I do large amounts of video encoding, subtitling and muxing. Video compression and related technologies are my another big hobby along creating games. Needless to say, I've done lots of study on the subject and have extensive knowledge about video encoding, video playback and the capabilities of various media players. I've also instructed tons of people in the subject of video playback. Most problems that people face stem from having bad software - like VLC or K-Lite - and have been successfully solved by replacing them with proper playback solutions, like CCCP or MPlayer. Actual playback errors are pretty much nonexistent with these - the biggest problem people have is A/V desync with HD H.264 material, which is caused by insufficient hardware (and is most often solved by installing a proper multithreaded H.264 decoder like CoreAVC or DivX H.264 decoder).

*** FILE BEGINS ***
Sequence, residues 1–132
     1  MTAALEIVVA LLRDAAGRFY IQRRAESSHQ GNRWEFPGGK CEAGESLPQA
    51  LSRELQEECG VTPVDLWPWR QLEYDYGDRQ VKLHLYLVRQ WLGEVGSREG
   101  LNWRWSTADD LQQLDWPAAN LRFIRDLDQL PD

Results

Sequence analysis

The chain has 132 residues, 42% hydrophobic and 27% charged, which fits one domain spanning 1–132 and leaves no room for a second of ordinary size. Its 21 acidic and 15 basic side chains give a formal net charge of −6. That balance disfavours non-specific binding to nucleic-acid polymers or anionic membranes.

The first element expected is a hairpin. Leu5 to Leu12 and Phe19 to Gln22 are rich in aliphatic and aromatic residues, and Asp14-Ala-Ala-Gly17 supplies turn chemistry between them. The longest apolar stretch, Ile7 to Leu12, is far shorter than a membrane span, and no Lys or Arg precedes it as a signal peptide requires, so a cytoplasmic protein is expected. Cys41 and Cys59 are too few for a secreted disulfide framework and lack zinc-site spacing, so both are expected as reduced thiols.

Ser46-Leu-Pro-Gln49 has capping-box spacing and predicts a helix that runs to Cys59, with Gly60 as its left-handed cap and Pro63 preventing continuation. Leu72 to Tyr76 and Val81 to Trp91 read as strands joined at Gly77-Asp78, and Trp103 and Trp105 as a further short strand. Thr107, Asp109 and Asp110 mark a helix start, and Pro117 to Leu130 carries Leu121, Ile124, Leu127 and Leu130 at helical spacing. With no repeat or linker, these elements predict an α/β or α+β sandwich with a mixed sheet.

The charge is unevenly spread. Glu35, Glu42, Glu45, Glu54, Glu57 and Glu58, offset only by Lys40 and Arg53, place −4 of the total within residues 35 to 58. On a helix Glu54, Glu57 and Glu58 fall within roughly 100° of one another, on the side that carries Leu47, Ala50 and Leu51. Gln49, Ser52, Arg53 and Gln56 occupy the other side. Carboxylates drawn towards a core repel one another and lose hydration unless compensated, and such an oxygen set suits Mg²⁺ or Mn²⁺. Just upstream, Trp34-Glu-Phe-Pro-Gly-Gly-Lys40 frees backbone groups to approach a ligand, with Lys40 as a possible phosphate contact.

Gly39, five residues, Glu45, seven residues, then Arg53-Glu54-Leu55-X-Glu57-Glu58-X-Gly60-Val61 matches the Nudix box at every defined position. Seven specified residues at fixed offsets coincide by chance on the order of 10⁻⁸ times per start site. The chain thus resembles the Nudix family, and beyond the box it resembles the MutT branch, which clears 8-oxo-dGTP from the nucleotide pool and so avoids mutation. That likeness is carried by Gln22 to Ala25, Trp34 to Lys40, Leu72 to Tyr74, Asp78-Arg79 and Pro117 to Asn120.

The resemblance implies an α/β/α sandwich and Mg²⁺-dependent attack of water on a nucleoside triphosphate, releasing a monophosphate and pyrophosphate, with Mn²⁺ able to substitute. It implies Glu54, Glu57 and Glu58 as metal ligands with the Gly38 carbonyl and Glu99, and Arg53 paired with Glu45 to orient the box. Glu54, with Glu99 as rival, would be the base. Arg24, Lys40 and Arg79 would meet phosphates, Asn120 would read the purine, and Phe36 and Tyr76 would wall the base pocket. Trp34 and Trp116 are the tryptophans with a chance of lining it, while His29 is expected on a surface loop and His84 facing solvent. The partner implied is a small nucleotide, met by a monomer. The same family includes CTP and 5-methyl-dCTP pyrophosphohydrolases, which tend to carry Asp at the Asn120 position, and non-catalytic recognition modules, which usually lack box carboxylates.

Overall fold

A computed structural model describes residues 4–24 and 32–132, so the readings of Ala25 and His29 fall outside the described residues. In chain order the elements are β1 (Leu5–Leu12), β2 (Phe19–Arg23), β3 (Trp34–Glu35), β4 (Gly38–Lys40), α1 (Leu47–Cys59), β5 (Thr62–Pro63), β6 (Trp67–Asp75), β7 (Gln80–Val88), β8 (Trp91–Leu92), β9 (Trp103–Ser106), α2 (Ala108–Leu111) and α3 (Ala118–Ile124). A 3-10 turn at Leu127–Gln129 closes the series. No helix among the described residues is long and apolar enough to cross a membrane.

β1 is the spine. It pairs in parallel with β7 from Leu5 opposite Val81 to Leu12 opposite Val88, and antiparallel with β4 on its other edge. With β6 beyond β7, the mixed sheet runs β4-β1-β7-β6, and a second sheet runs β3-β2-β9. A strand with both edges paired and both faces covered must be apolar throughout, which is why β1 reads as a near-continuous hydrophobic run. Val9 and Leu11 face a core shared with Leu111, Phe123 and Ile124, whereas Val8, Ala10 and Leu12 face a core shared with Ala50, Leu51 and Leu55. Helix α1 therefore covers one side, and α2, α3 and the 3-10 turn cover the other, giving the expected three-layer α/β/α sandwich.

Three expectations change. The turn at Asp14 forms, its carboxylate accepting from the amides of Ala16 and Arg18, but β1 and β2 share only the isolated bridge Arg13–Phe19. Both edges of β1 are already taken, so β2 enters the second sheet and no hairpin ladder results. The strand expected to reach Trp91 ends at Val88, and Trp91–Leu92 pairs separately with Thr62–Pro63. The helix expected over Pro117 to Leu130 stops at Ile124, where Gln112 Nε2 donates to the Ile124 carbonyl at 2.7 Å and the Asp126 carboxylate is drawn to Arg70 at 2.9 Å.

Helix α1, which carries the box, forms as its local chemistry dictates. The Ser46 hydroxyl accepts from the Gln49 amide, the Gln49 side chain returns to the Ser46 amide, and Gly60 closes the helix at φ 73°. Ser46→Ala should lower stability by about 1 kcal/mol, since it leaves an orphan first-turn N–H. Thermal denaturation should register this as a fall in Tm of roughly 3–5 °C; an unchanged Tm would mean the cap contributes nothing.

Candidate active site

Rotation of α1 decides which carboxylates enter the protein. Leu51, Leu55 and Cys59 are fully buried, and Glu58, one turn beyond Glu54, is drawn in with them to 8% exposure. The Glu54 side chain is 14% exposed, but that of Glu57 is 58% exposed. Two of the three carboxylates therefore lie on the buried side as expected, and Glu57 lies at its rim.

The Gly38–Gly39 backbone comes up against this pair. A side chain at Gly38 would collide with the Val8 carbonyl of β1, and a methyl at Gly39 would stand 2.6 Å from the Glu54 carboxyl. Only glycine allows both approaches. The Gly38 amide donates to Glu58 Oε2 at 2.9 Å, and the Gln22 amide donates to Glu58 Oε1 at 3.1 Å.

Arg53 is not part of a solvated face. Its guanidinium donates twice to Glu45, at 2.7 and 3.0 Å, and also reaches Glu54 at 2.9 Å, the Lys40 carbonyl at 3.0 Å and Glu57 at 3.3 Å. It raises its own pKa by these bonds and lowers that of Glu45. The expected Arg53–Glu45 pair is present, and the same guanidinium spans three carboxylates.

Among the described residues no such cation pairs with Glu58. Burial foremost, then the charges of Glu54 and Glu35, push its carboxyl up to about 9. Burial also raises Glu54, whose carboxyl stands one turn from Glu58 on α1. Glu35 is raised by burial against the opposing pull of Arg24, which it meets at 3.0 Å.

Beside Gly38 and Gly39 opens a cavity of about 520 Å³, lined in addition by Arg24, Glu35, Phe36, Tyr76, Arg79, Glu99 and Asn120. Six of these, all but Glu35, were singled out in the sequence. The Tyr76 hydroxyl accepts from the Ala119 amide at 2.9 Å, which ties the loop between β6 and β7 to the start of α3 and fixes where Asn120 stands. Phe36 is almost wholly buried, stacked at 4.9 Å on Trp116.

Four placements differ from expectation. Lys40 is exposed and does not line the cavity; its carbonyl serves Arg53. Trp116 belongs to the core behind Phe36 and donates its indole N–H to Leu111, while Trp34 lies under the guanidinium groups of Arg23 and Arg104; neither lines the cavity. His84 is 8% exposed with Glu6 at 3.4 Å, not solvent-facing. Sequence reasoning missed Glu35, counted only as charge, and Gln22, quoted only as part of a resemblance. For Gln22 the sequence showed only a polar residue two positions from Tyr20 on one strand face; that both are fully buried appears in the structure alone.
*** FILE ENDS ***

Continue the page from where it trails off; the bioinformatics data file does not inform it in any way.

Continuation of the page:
But yeah, that's some food for thought.